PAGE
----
CAT Scan: AbdomenAn abdominal CAT scan can detect inflammation, infection, injury or disease in the liver, spleen, kidneys, bladder, stomach, bowel, pancreas, adrenal glands, blood vessels, and lymph nodes.https://kidshealth.org/ws/RadyChildrens/en/parents/cat-scan-abdomen.html/02052f6e-f7e9-4b4b-9137-962383382e40
Digestive SystemMost people think digestion begins when you first put food in your mouth. But the digestive process actually starts even before the food hits your taste buds.https://kidshealth.org/ws/RadyChildrens/en/teens/digestive-system.html/c0f765e4-a9d9-43fc-983b-b0b49ed76cfd
FeversFevers happen when the body's internal "thermostat" raises the body temperature above normal. This is often the body's way of fighting infections.https://kidshealth.org/ws/RadyChildrens/en/parents/fever.html/42ab5a5d-1c03-493e-acf5-0ac569d1b946
Going to the HospitalIt may seem scary to go to a hospital, but doctors and nurses are there to help people who are sick or hurt feel better. Read our article for kids to find out what happens inside a hospital.https://kidshealth.org/ws/RadyChildrens/en/kids/hospital.html/8e77744e-1b71-4e2c-866f-d5c7dd80d722
HerniasA hernia is an opening or weakness in the wall of a muscle, tissue, or membrane that normally holds an organ in place. Learning to prevent hernias isn't hard to do - check out these tips.https://kidshealth.org/ws/RadyChildrens/en/teens/hernias.html/ef4cbb2d-a308-414f-a96b-884357dc4e35
StomachachesUgh. Bellyaches. Find out what causes tummy trouble in this article for kids.https://kidshealth.org/ws/RadyChildrens/en/kids/abdominal-pain.html/2f422a06-b7a6-41f4-86b4-74e00ebf019a
Ultrasound: AbdomenDoctors order abdominal ultrasounds when they're concerned about symptoms such as abdominal pain, repeated vomiting, abnormal liver or kidney function tests, or a swollen belly.https://kidshealth.org/ws/RadyChildrens/en/parents/ultrasound-abdomen.html/33055ca9-f928-4031-a2c2-190faf1cbabe
VomitingMost vomiting is caused by gastroenteritis, and usually isn't serious. These home-care tips can help prevent dehydration.https://kidshealth.org/ws/RadyChildrens/en/parents/vomit.html/20a54ee4-1e9e-4822-9631-614f8e08d622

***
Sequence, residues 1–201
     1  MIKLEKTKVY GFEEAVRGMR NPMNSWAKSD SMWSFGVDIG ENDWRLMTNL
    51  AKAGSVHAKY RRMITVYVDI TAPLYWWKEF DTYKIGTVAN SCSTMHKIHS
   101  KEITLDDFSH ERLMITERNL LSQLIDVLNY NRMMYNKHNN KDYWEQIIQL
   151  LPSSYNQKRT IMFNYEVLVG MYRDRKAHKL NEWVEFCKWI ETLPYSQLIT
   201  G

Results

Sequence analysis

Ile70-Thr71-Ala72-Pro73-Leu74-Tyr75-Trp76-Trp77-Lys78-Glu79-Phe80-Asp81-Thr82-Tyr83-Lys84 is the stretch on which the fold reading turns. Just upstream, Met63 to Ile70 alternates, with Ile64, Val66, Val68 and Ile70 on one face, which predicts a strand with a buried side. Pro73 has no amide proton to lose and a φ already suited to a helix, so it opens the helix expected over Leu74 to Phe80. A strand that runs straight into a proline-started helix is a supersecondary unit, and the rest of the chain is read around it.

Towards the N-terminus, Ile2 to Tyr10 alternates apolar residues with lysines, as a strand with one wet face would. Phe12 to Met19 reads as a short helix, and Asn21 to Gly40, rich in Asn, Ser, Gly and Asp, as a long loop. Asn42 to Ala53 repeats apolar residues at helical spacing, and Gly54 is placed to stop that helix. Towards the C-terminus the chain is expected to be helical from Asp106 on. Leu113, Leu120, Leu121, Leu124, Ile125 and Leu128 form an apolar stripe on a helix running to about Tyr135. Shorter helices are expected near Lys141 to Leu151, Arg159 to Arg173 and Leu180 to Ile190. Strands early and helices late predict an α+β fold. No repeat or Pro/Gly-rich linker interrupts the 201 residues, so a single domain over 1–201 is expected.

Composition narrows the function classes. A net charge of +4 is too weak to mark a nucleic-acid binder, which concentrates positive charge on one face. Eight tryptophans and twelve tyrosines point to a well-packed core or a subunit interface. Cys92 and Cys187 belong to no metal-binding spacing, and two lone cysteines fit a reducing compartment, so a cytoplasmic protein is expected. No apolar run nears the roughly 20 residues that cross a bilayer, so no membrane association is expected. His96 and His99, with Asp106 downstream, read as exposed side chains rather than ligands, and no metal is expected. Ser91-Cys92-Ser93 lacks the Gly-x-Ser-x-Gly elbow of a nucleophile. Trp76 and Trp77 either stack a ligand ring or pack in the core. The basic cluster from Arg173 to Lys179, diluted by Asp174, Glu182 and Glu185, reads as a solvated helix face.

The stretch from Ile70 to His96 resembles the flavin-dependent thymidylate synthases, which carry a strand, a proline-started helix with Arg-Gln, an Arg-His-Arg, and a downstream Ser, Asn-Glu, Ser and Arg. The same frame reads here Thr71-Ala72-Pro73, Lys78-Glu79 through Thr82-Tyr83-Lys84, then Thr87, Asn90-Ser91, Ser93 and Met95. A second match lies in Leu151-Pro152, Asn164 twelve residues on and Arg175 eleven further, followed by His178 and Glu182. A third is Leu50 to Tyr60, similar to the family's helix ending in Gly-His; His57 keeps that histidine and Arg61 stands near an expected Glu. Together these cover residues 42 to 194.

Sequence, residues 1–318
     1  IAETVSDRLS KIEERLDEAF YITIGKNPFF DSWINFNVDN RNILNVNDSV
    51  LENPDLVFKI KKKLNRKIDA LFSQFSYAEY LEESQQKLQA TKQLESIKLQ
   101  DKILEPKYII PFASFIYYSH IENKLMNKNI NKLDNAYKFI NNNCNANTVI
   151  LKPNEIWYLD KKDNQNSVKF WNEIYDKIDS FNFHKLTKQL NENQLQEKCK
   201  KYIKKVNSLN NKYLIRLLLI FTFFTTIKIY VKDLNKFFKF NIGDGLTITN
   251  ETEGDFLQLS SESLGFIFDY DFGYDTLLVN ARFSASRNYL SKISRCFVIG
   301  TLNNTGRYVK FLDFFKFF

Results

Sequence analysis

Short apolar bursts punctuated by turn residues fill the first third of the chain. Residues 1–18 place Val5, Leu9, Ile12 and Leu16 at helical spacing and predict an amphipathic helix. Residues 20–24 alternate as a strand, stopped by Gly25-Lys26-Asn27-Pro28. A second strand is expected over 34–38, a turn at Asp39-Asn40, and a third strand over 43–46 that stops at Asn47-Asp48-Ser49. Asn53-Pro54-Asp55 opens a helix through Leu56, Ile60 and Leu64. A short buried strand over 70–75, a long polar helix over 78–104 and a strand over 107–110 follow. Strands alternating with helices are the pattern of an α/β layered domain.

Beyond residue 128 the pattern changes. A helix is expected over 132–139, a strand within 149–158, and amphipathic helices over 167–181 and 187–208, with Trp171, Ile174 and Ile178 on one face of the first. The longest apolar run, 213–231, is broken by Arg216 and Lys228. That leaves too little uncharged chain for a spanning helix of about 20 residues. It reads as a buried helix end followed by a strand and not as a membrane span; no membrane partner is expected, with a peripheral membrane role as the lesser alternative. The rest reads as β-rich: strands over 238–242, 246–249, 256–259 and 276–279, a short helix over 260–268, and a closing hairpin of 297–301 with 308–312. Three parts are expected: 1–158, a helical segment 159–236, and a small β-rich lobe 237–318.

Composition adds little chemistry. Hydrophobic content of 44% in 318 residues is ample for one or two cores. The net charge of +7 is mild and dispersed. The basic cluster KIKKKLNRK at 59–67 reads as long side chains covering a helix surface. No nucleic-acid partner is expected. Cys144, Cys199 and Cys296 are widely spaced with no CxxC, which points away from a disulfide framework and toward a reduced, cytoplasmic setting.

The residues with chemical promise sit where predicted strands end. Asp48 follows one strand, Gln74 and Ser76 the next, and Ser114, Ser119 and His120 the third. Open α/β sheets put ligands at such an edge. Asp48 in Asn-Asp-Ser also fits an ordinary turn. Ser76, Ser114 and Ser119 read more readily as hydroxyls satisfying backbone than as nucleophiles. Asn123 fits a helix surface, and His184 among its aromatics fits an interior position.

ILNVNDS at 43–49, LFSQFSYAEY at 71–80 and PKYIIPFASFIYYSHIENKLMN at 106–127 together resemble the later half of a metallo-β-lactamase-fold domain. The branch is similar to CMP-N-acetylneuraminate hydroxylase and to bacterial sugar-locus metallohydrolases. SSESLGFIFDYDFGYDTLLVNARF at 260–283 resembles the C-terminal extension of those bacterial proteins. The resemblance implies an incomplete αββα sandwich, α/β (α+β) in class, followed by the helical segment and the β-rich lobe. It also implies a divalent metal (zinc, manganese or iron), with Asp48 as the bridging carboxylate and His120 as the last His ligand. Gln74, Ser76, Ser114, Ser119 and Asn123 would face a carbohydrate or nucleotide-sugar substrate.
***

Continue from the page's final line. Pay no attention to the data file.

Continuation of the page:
What Happens in the Operating Room?Surgeries and operations happen in the operating room, sometimes called the OR. Find out more in this article for kids.https://kidshealth.org/ws/RadyChildrens/en/kids/or.html/ea87f183-35c5-4615-a870-95356281f889
What's It Like to Have Surgery?Knowing what to expect with surgery before you get to the hospital can make you less anxious about your surgical experience - and less stress helps a person recover faster.https://kidshealth.org/ws/RadyChildrens/en/teens/having-sugery.html/117c4932-0a0c-4f8c-9543-01c811326e9a
Word! PeritonitisPeritonitis is when the tissue that covers the inside wall of abdomen gets swollen and irritated, usually due to an infection.https://kidshealth.org/ws/RadyChildrens/en/kids/peritonitis.html/dd39a4e1-097a-4599-9780-e7cc18b07b5e
X-Ray Exam: AbdomenAn abdominal X-ray can help find the cause of many abdominal problems, such as pain, kidney stones, intestinal blockage, a hole in the intestine, or an abdominal mass such as a tumor.https://kidshealth.org/ws/RadyChildrens/en/parents/xray-abdomen.html/9bff6dae-3d53-4392-988b-4c09372f0c58
kh:age-allAgesOrAgeAgnostickh:clinicalDesignation-generalSurgerykh:genre-articlekh:primaryClinicalDesignation-generalSurgeryGastrointestinal Infectionshttps://kidshealth.org/ws/RadyChildrens/en/parents/infections/stomach/00f6a5fa-9cac-45b3-b8c6-34813730a1ebhttps://kidshealth.org/EN/images/illustrations/appendicitis-400x400-rd1-enIL.gif